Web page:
Reads of the Week: Fixing Healthcare for the Young, and Expanding the Housing Supply, and Mental Health through Community
Each week, we’ll be featuring opinion pieces from the alumni and current participants of AF’s Writing Fellows Program. A few highlights from the past week are below. Do you dream of having bylines like these? Learn more about how the Writing Fellows Program can help boost your writing career!
How to make the health care system fairer for young people by Elise Amez-Droz (Summer 2019) in Fortune
Following a new executive order, the Affordable Care Act (or “Obamacare”) marketplace enrollment recently reopened to help people regain health insurance lost during the pandemic. While not a bad idea, it will not be life-changing for very many Americans. A surprising number have managed to hold onto coverage, evidenced by stable enrollment numbers.
Instead of the usual obsession over insurance, we should pay more attention to overall access to care, where our money flows, and how the system penalizes younger generations. With the right reforms and a better awareness of the tools and flexibility already at our disposal, young Americans just might be able to change the script…
America Needs More Luxury Housing, Not Less by Nolan Gray (Fall 2015) in The Atlantic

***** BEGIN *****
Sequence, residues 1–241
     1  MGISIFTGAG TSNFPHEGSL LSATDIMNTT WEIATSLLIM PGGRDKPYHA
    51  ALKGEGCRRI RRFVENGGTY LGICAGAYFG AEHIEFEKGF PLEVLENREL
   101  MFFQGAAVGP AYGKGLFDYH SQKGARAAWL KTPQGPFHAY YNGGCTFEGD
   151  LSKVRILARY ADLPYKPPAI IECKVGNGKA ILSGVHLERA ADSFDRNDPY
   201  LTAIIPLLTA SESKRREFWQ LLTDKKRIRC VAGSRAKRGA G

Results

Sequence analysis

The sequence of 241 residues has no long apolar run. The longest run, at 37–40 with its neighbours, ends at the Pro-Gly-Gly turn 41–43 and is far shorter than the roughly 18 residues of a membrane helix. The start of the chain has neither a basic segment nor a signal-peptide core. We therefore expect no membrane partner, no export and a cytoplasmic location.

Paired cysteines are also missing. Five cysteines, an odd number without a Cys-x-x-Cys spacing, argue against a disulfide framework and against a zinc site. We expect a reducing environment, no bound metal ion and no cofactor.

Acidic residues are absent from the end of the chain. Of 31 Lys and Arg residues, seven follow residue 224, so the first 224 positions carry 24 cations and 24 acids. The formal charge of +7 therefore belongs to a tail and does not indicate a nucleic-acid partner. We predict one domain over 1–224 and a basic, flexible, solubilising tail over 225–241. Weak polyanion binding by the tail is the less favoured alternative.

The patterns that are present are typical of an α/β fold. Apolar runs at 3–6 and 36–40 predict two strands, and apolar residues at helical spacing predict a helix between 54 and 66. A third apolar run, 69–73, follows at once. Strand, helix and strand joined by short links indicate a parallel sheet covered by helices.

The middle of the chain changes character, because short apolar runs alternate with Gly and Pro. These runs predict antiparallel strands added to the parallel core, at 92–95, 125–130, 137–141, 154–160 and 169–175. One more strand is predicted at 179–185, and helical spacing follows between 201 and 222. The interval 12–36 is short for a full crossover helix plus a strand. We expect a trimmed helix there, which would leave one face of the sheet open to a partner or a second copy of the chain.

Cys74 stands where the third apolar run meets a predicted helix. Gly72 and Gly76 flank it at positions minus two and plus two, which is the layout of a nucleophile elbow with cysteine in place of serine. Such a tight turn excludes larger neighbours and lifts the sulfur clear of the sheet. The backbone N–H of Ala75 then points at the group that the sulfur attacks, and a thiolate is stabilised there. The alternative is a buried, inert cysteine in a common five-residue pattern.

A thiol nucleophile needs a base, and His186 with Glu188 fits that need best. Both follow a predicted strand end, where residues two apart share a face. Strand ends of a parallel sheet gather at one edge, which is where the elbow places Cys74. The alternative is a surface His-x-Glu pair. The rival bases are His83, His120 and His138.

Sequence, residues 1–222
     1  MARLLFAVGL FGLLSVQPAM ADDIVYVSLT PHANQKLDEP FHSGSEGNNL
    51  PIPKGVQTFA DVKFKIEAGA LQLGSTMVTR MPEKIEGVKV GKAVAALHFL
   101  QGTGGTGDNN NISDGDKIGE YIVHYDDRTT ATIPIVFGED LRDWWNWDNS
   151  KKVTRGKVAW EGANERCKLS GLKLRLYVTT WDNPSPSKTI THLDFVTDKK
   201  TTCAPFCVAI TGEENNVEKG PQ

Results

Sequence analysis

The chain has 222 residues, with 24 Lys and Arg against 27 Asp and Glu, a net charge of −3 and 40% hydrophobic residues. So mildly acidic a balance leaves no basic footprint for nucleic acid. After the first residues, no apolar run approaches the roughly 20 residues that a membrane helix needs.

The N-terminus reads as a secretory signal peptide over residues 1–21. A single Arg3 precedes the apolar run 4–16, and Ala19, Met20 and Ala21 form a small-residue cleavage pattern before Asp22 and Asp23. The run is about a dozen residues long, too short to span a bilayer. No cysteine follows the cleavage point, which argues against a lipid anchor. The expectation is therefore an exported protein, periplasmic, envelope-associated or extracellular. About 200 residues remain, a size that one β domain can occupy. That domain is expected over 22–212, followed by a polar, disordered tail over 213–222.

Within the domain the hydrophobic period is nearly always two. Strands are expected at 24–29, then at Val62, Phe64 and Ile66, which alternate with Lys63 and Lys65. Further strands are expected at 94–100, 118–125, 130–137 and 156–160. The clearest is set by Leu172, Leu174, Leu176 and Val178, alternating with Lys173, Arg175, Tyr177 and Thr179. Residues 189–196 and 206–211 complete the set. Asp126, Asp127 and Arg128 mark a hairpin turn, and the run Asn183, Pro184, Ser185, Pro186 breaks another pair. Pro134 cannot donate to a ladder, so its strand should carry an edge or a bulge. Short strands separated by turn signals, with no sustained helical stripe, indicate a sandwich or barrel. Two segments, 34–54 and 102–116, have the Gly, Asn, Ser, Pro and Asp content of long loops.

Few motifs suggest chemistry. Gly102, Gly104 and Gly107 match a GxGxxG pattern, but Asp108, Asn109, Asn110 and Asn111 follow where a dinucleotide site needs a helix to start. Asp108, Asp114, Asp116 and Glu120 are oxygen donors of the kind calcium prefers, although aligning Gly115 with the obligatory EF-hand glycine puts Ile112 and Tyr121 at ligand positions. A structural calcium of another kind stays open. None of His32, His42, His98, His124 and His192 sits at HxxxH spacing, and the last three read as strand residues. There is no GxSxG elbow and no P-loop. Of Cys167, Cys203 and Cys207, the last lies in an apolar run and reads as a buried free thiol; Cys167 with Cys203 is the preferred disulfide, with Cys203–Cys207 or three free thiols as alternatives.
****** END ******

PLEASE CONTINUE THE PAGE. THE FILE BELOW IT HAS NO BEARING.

If you were intentionally designing a development to spark a NIMBY backlash, you might come up with something that looks a lot like the Clay Apartments.* A brand new building located in Seattle’s rapidly developing Capitol Hill neighborhood, it adheres to a modern aesthetic of poured concrete, muted tones, and floor-to-ceiling windows. True to form, the website for the Clay Apartments celebrates amenities such as a rooftop deck and stainless steel appliances. Hosting 76 “micro units,” the project seems perfectly optimized to house the well-paid, single young professionals that companies such as Amazon have attracted to the city in droves.
Today, however, the Clay Apartments house Seattlites earning roughly a third of the median income, most of whom have recently struggled with homelessness. As reported in Next City, thanks to a deal struck by a local affordable housing non-profit, those suffering the brunt of Seattle’s housing shortage—a crisis that leaves nearly 12,000 Seatellites homeless—now enjoy a safe place to call home…
Harnessing community to counter military suicide by Beth Bailey (Fall 2018) in the Washington Examiner
The Defense Department’s latest quarterly suicide report revealed that suicides increased among active-duty service members and reservists over the course of 2020, with a 25% increase in reservist suicides during the fourth quarter of 2020 compared with the same period in 2019.
Some military leaders have attributed the increase to coronavirus “stress.” Pentagon spokesman Army Maj. Cesar Santiago emphasized that only a suicide rate, which has yet to be calculated, will “determine whether a true increase or decrease in suicides occurred across a given population…”